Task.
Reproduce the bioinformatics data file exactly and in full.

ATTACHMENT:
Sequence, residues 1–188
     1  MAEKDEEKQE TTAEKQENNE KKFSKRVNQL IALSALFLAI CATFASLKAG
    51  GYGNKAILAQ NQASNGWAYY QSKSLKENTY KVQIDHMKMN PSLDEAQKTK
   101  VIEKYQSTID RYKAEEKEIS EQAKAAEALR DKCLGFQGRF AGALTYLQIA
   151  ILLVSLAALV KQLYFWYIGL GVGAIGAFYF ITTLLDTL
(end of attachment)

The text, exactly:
Sequence, residues 1–188
     1  MAEKDEEKQE TTAEKQENNE KKFSKRVNQL IALSALFLAI CATFASLKAG
    51  GYGNKAILAQ NQASNGWAYY QSKSLKENTY KVQIDHMKMN PSLDEAQKTK
   101  VIEKYQSTID RYKAEEKEIS EQAKAAEALR DKCLGFQGRF AGALTYLQIA
   151  ILLVSLAALV KQLYFWYIGL GVGAIGAFYF ITTLLDTL